Thus, if the WIDE-- FLAG is set at this point, then the last instruction of the block is currently WIDE, which is not allowed. Thus, the WIDE instruction is effectively removed from the current block by decrementing the Java IP, as depicted in block 47. Note that the PowerPC™ instruction NOP (no operation) generated for WIDE has no effect when it is executed by the CPU, thus the PowerPC™ instructions generated for the current block need not be altered to remove it.
The WIDE-- FLAG is cleared to ensure that the subsequent block begins with the proper initial value, as depicted in block 48. The Java IP is subsequently utilized to generate the block-to-block branch instruction, as shown in block 49. If it has been decremented to prevent ending the block with WIDE, then its branch offset will be of a value that causes the next block to begin with the WIDE instruction.
On the contrary, if there is room for the current Java instruction, then it is added to the current block by passing the PowerPC™ instructions from the Semantics Table to the CPU, as depicted in block 50. A determination is then made as to whether or not the current Java opcode is WIDE, as shown in block 51. If it is, then the WIDE-- FLAG is set so that the subsequent Java instruction will access the modified Semantics Table address, as depicted in block 51b. If it is not WIDE, then the WIDE-- FLAG is cleared, as illustrated in block 51a.
Finally, the Java IP is incremented to point to the next Java instruction, as shown in block 52. The process proceeds back to block 42 to continue adding additional Java instructions to the current block.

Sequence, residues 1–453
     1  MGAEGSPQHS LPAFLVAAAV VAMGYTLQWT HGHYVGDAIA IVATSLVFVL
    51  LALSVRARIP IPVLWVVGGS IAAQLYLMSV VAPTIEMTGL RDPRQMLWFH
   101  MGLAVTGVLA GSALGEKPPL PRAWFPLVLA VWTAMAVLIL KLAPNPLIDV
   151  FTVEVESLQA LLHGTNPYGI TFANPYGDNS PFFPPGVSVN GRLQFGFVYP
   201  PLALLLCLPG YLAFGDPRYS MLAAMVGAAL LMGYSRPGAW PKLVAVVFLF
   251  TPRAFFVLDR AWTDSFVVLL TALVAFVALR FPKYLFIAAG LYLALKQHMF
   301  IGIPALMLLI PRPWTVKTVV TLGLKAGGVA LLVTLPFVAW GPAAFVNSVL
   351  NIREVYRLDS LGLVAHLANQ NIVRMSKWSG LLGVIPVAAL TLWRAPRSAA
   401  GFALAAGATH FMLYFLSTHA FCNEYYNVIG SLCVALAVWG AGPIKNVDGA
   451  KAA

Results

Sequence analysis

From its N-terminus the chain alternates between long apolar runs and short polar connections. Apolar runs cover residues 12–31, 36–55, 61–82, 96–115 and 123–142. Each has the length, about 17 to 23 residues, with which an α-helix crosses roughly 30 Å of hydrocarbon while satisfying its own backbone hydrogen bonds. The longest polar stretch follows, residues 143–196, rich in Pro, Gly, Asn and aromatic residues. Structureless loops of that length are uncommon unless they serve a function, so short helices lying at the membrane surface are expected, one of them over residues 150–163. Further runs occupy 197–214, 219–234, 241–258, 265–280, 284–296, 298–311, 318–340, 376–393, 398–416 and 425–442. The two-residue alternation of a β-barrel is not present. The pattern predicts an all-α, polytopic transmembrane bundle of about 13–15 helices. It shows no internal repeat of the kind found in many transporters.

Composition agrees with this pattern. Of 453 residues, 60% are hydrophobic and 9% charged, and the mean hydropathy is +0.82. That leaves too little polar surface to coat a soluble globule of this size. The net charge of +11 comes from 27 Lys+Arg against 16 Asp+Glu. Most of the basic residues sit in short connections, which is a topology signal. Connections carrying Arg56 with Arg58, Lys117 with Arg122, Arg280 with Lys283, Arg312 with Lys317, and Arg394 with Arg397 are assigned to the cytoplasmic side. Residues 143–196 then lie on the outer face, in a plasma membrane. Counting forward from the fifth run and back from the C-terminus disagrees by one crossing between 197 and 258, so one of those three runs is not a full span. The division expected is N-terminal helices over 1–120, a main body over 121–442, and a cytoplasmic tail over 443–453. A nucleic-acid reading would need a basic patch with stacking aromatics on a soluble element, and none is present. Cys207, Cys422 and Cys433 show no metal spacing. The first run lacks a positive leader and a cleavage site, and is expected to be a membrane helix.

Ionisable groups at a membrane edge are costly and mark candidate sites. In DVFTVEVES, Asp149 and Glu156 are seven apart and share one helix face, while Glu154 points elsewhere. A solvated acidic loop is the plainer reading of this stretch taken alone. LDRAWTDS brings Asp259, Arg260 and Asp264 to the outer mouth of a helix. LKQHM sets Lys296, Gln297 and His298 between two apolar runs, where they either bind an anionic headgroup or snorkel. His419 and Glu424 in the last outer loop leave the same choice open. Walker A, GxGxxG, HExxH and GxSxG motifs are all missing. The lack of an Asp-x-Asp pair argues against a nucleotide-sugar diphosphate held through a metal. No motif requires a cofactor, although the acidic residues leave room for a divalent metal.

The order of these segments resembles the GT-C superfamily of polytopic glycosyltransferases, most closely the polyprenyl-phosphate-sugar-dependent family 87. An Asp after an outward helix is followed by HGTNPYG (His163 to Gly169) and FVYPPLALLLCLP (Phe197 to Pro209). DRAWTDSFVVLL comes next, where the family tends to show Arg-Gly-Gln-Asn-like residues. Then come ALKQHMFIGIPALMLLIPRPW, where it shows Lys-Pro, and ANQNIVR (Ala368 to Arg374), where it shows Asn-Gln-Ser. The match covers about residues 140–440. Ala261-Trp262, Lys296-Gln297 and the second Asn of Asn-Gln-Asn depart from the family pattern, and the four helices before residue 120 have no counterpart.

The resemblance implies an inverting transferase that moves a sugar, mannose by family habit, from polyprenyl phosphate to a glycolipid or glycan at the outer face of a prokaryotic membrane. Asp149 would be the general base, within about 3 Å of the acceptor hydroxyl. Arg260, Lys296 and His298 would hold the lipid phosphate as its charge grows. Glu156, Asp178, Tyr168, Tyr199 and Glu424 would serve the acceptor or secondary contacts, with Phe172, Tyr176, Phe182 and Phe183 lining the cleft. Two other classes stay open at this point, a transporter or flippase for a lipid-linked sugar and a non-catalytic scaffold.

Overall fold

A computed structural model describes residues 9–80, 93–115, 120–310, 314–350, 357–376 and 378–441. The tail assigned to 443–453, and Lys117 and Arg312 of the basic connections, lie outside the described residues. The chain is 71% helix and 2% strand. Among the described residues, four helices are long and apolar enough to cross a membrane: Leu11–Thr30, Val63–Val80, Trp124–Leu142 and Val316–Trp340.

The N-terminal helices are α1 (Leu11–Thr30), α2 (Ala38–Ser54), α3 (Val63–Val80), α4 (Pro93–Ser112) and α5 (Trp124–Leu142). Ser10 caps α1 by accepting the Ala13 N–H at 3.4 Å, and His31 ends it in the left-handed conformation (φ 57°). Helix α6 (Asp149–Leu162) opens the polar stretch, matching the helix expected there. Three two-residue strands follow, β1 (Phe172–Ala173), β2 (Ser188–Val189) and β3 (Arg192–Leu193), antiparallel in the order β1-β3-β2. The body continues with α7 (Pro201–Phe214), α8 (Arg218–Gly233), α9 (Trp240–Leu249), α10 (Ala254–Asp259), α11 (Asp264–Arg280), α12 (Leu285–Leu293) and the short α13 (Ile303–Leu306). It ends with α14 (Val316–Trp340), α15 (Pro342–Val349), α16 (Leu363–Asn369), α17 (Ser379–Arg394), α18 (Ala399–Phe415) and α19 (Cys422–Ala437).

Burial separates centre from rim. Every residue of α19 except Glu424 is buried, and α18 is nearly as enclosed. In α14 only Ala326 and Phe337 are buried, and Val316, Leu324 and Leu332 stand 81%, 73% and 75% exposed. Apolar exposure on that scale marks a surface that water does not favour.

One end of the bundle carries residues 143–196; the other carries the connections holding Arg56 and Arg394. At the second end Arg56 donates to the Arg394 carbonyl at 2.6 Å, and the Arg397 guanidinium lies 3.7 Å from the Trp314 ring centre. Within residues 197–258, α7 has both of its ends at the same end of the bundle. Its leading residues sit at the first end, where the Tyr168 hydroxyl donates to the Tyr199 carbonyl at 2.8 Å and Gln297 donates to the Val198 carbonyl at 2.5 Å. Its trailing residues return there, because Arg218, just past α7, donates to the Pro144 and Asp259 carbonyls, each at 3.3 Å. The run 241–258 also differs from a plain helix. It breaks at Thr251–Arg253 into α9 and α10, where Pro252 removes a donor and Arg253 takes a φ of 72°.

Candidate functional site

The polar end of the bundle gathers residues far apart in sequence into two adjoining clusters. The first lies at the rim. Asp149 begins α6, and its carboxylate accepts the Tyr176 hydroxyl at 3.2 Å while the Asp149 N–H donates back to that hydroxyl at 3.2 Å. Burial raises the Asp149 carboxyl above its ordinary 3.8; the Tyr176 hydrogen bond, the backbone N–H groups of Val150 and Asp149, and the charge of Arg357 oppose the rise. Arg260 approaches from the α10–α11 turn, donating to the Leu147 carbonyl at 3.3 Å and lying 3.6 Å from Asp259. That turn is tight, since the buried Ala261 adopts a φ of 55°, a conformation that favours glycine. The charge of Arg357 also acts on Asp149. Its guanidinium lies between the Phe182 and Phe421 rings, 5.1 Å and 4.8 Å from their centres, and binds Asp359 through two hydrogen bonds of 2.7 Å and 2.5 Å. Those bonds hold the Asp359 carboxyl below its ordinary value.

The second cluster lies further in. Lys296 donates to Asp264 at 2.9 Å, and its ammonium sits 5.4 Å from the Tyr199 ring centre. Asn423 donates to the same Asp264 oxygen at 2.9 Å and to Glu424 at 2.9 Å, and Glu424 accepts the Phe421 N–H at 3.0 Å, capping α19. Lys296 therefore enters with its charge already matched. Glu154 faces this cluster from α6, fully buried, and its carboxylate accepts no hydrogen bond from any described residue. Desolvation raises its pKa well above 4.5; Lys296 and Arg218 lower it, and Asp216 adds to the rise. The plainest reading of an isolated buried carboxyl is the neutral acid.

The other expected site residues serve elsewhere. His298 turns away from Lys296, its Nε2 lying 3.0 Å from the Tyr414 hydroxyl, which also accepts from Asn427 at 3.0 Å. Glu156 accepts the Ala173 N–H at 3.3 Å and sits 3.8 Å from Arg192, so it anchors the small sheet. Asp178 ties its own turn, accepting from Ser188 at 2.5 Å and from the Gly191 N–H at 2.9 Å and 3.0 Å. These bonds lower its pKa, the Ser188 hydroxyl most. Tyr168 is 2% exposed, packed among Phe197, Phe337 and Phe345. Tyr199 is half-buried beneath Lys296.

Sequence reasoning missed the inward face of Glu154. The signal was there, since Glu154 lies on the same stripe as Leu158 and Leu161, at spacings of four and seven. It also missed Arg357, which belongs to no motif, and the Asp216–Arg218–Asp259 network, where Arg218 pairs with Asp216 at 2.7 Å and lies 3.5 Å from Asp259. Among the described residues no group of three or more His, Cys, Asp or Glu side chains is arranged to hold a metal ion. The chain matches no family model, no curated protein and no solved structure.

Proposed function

Referring now to Table I, there is illustrated a detailed example of executing a Java wideable instruction under the prior art. In this example, the WIDE instruction causes the immediate subsequent instruction to have a two-byte index instead of one-byte, and the wideable instruction is a ILOAD instruction. This instruction loads a value from the local variable table, which is pointed to by VARS, and stores it on the stack, which is pointed to by OPTOP. The ILOAD instruction has one operand (INDEX1), which is a one-byte offset into the local variable table, when it is not widened. It has a two-byte operand (INDEX1,1) when it is widened. Note that, since INDEX is a "word" index, it must be multiplied by four to convert it to an address offset. It must then be added to the register VARS to form a full address.
Under prior art, the execution of six PowerPC™ instructions for non-widened ILOADS and the execution of six PowerPC™ instructions are required for widened ILOADs. ILOAD (unwidened) occupies 11 words in the primary cache of the CPU. WIDE+ILOAD occupies 12 words in the primary cache of the CPU.